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cpsmith58
post Mar 15 2017, 12:51 PM
Post#6



Posts: 110
Joined: 22-February 17



I'd like to learn more about corruption and why splitting the 2 into FE/BE makes this better?
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cpsmith58
post Mar 15 2017, 01:03 PM
Post#7



Posts: 110
Joined: 22-February 17



George,

I saw it and it took a bit. I have seen apps deploy in multiple layers before (2, SQL Server BE, VB.Net FE) and (3, SQL Server BE, App Server middleware and C# FE). Didn't comprehend that you could have a FE and BE in an .accdb. Very cool, will be proceeding in this direction ASAP!

Thanks, to all, woo hoo!
This post has been edited by cpsmith58: Mar 15 2017, 01:04 PM
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theDBguy
post Mar 15 2017, 01:05 PM
Post#8


Access Wiki and Forums Moderator
Posts: 71,017
Joined: 19-June 07
From: SunnySandyEggo


Hi,

Glad we could assist. Good luck with your project.

--------------------
Just my 2 cents... "And if I claim to be a wise man, it surely means that I don't know" - Kansas
Microsoft Access MVP | Access Website | Access Blog | Email
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GroverParkGeorge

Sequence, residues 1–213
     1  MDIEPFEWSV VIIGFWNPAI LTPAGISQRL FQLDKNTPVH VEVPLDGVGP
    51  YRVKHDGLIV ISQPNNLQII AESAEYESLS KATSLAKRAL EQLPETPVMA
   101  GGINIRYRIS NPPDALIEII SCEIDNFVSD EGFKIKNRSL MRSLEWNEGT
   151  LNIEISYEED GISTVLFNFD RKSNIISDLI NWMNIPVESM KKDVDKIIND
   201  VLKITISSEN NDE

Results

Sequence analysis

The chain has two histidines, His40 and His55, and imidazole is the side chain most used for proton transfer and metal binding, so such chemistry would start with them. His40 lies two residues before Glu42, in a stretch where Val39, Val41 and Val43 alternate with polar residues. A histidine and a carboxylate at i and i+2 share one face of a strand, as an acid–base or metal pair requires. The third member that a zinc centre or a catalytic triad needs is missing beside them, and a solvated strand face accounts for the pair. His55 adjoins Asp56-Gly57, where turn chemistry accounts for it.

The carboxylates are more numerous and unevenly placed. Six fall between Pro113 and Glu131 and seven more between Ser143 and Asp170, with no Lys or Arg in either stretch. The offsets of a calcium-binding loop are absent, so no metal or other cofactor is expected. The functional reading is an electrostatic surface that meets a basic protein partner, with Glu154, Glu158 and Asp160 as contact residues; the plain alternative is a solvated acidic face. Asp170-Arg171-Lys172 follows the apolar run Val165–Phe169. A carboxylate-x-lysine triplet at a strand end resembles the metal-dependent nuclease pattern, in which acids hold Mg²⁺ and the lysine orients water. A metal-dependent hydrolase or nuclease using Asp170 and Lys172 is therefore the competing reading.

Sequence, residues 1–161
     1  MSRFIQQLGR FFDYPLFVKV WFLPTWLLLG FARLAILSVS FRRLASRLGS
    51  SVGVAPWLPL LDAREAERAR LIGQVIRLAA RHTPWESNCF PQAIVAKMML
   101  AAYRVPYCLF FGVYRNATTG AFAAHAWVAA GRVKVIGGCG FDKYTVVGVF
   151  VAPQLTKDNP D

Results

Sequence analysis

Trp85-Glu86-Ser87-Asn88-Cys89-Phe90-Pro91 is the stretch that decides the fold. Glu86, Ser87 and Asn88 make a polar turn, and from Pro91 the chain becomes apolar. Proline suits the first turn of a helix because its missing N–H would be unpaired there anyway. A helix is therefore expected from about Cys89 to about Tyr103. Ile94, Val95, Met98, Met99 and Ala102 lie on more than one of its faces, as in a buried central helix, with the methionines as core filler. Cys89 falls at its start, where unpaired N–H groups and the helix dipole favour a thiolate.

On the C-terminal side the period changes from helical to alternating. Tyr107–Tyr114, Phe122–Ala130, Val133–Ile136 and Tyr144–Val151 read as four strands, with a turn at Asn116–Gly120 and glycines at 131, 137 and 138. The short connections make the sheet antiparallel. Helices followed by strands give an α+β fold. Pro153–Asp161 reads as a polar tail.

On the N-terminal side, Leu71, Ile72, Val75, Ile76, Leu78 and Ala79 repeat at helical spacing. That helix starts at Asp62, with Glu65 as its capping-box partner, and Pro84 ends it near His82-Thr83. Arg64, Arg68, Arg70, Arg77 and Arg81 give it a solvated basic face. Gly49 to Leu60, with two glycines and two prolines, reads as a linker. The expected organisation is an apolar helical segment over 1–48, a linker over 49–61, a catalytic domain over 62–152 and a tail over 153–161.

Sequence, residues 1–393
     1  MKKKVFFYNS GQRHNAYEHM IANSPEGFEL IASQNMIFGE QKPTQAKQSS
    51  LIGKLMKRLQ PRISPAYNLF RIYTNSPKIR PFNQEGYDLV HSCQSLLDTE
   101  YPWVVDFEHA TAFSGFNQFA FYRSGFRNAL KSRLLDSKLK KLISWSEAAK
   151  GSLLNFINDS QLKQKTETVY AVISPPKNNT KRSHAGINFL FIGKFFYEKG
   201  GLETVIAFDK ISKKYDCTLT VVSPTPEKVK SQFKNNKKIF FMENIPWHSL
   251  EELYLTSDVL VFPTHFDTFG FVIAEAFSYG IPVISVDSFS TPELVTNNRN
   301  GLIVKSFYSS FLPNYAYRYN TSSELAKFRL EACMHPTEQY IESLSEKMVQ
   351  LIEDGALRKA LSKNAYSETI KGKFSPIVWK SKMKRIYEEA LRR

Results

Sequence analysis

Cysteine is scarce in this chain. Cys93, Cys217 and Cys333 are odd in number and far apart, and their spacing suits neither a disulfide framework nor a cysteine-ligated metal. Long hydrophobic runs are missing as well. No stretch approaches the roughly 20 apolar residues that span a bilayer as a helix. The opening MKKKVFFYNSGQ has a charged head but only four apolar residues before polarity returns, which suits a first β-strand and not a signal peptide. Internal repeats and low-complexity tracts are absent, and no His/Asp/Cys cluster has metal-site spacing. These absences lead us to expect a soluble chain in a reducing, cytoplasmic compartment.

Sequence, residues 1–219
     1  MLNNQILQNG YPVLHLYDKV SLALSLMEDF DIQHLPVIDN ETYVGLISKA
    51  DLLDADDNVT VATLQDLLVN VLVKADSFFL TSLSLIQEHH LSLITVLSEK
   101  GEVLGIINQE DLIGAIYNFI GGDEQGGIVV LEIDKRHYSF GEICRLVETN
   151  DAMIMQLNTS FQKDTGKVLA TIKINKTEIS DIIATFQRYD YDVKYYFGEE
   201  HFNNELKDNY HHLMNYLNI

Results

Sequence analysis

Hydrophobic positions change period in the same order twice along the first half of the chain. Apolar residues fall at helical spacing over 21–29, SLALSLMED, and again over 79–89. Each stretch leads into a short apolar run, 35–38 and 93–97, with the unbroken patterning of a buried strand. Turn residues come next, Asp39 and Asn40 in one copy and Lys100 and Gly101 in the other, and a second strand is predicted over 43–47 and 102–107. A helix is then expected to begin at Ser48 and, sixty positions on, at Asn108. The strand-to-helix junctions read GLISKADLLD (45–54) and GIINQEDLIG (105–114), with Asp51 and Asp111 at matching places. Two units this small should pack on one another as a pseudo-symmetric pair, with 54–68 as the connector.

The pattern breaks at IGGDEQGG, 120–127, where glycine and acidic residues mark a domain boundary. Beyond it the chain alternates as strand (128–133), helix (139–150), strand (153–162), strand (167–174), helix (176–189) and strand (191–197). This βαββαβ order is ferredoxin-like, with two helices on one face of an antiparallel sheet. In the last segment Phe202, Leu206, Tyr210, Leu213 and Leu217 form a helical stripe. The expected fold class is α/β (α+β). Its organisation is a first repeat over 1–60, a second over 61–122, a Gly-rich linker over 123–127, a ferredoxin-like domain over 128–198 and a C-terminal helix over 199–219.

post Mar 15 2017, 01:07 PM
Post#9


UA Admin
Posts: 30,981
Joined: 20-June 02
From: Newcastle, WA


The chances of having things go wrong are increased by having two or more people working in the unified accdb.

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cpsmith58
post Mar 16 2017, 09:55 AM
Post#10



Posts: 110
Joined: 22-February 17



Well, my plan for using the run time didn't work, because it doesn't play nice with Office 365. Note, it croaked on 64 bit as displayed, so I tried the 32 bit. Same error basically. Luckily, the users all have full fledged Access on their machines due to an E3 Office 365 subscription. So I just made my front end file XXX.FE.accdr and it works fine.

It gets the annoying Security Notice warning, which I have seen numerous posts about and will research.




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theDBguy
post Mar 16 2017, 12:53 PM
Post#11


Access Wiki and Forums Moderator
Posts: 71,017
Joined: 19-June 07
From: SunnySandyEggo


Hi,

Have you tried storing the file in a Trusted Location?

Just a thought...

--------------------
Just my 2 cents... "And if I claim to be a wise man, it surely means that I don't know" - Kansas
Microsoft Access MVP | Access Website | Access Blog | Email
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cpsmith58
post Mar 16 2017, 04:27 PM
Post#12



Posts: 110
Joined: 22-February 17



I think I am doing it wrong. I put the FE on a share because I am lazy. It runs fine once you get past the warning prompt, but obviously, that's unattractive. Right now, I have the FE and BE in the same folder on a network share. I tried making that share a trusted location, but Access was unhappy with that.

I think this is the part where you call me a fool and tell me to put the FE on the local user's PC like the Wiki said and all my problems (with this issue, let's not get carried away) will be solved.

I can give it a whirl tomorrow. My users have bailed and taken their laptops with them.

Thanks for the help, you all have been wonderful!